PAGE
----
In mathematics, the Fibonacci numbers or Fibonacci sequence are the numbers in the following integer sequence, characterized by the fact that every number after the first two is the sum of the two preceding ones:
or (often, in modern usage):
The Fibonacci sequence is named after Leonardo Fibonacci. His 1202 book Liber Abaci introduced the sequence to Western European mathematics, although the sequence had been described earlier in Indian mathematics. Fibonacci numbers are intimately connected with the golden ratio.
- 1, 2, 3, 5, 8, who do we decapitate?
13, 21, rinse, repeat, regret more fun
34, 55, shiny girls, collapse the hive
89, 144, Vermin, honey, we want more
- Angelspit, "Vermin," Hello My Name Is (2011).
- Now everybody hop on the one, the sounds of the two
It's the third eye vision, five-side dimension
The eighth light, is gonna shine bright tonight
- 1, 1, 2, 3, 5, 8, 13, 21
Mathematics is the language of nature
- BT, "Fibonacci Sequence," Movement in Still Life (1999).
- It ["Lateralus"] was originally titled 9-8-7. For the time signatures. Then it turned out that 987 was the 17th step of the Fibonacci sequence (in which each integer is equal to the sum of the preceding two). So that was cool.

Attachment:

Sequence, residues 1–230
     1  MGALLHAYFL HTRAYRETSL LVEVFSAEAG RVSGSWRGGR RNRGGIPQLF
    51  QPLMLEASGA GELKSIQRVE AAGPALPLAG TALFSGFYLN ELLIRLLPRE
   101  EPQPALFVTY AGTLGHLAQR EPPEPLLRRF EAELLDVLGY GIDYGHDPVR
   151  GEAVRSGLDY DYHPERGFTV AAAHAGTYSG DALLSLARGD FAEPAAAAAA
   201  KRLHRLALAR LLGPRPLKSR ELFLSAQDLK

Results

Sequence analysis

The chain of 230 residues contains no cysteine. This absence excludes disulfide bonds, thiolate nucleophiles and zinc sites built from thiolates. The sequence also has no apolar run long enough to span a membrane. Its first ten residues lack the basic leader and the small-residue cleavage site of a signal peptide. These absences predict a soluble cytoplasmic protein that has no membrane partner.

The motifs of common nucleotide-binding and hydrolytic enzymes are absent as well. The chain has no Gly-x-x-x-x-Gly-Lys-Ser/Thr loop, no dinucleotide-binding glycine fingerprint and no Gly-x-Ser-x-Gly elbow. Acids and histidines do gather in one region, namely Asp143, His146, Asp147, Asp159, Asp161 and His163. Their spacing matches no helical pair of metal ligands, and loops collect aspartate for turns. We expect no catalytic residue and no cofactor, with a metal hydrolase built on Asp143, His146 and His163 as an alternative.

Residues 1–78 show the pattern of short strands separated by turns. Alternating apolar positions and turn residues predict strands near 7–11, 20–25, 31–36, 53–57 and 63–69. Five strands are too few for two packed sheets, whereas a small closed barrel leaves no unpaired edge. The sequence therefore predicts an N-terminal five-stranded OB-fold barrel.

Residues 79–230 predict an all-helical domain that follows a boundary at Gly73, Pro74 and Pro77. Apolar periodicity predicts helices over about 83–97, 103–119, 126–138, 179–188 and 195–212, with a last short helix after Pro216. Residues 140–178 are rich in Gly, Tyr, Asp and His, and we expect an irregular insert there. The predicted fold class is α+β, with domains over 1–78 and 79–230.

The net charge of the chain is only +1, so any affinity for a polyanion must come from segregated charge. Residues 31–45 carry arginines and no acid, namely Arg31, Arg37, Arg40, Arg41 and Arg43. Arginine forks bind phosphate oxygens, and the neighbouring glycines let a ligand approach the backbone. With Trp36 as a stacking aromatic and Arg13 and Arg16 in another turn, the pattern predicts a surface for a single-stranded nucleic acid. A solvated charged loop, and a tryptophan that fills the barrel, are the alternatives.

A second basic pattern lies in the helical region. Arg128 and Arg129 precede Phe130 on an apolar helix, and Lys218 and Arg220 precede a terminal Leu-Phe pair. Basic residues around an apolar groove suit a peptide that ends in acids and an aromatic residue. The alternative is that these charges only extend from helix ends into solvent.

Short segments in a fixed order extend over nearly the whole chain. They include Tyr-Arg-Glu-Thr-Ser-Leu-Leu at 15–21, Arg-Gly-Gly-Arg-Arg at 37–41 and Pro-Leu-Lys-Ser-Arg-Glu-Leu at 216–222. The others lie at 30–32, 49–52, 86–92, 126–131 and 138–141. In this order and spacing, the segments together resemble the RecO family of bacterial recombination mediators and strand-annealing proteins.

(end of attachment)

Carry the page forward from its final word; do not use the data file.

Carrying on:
- Qvidam posuit unum par cuniculorum in quodam loco, qui erat undique pariete circundatus, ut sciret, quot ex eo paria germinarentur in uno anno: cum natura eorum sit per singulum mensem aliud par germinare; et in secundo mense ab eorum natiuitate germinant. Quia suprascriptum par in primo mense germinat, duplicabis ipsum, erunt paria duo in uno mense. Ex quibus unum, scilicet primum, in secundo mense geminat; et sic sunt in secundo mense paria 3 ; ex quibus in uno mense duo pregnantur; et geminantur in tercio mense paria 2 coniculorum ; et sic sunt paria 5 in ipso mense; ex quibus in ipso pregnantur paria 3; et sunt in quarto mense paria 8; ex quibus paria 5 geminant alia paria 5: quibus additis cum parijs 8, faciunt paria 13 in quinto mense; ex quibus paria 5, que geminata fuerunt in ipso mense, non concipiunt in ipso mense, sed alia 8 paria pregnantur; et sic sunt in sexto mense paria 21; cum quibus additis parijs 13, que geminantur in septimo , erunt in ipso paria 34 ; cum quibus additis parijs 21, que geminantur in octauo mense, erunt in ipso paria 55; cum quibus additis parjis [sic] 34, que geminantur in nono mense, erunt in ipso paria 89; cum quibus additis rursum parijs 55, que geminantur in decimo mense 144; cum quibus additis rursum parijs 89, que geminantur in undecimo mense, erunt in ipso paria 233. Cum quibus etiam additis parijs 144 , que geminantur in ultimo mense, erunt paria 377; et tot paria peperit suprascriptum par in prefato loco in capite unius anni. Potes enim uidere in hac margine, qualiter hoc operati fuimus, scilicet quod iunximus primum numerum cum secundo, uidelicet 1 cum 2; et secundum cum tercio; et tercium cum quarto; et quartum cum quinto, et sic deinceps, donec iunximus decimum cum undecimo, uidelicet 144 cum 233; et habuimus suprascriptorum cuniculorum summam, uidelicet 377 ; et sic posses facere per ordinem de infinitis numeris mensibus.